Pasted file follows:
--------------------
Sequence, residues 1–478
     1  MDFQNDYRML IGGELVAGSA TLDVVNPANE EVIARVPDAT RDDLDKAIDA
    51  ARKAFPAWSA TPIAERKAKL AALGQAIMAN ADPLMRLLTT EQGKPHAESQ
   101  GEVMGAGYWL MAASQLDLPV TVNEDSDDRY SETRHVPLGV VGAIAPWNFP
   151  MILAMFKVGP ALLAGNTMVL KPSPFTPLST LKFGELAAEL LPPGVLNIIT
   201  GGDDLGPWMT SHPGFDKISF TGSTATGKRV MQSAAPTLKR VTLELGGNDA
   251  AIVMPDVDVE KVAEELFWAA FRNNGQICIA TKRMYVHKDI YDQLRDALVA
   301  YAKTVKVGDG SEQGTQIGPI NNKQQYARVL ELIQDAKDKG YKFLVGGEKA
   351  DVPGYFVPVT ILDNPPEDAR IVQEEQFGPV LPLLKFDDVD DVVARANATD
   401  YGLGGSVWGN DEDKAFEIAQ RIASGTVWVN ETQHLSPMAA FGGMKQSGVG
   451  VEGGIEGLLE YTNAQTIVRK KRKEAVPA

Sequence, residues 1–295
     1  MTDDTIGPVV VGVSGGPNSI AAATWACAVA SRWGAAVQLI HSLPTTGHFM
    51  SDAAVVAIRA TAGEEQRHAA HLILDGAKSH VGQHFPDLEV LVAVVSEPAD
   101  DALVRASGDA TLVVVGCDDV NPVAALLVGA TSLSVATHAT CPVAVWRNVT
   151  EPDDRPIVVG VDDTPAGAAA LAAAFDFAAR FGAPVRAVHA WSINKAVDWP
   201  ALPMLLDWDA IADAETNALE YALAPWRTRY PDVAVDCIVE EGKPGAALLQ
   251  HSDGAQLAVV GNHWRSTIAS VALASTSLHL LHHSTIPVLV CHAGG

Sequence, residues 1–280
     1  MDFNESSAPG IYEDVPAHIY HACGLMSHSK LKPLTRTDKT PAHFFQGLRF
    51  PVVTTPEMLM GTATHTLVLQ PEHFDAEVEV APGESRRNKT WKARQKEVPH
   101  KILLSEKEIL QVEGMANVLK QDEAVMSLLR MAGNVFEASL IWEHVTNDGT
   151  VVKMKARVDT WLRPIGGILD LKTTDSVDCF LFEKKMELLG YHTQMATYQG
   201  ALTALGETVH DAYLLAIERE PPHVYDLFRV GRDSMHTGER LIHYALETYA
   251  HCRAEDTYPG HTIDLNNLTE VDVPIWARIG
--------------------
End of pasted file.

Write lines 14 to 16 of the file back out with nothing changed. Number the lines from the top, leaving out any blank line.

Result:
    51  SDAAVVAIRA TAGEEQRHAA HLILDGAKSH VGQHFPDLEV LVAVVSEPAD
   101  DALVRASGDA TLVVVGCDDV NPVAALLVGA TSLSVATHAT CPVAVWRNVT
   151  EPDDRPIVVG VDDTPAGAAA LAAAFDFAAR FGAPVRAVHA WSINKAVDWP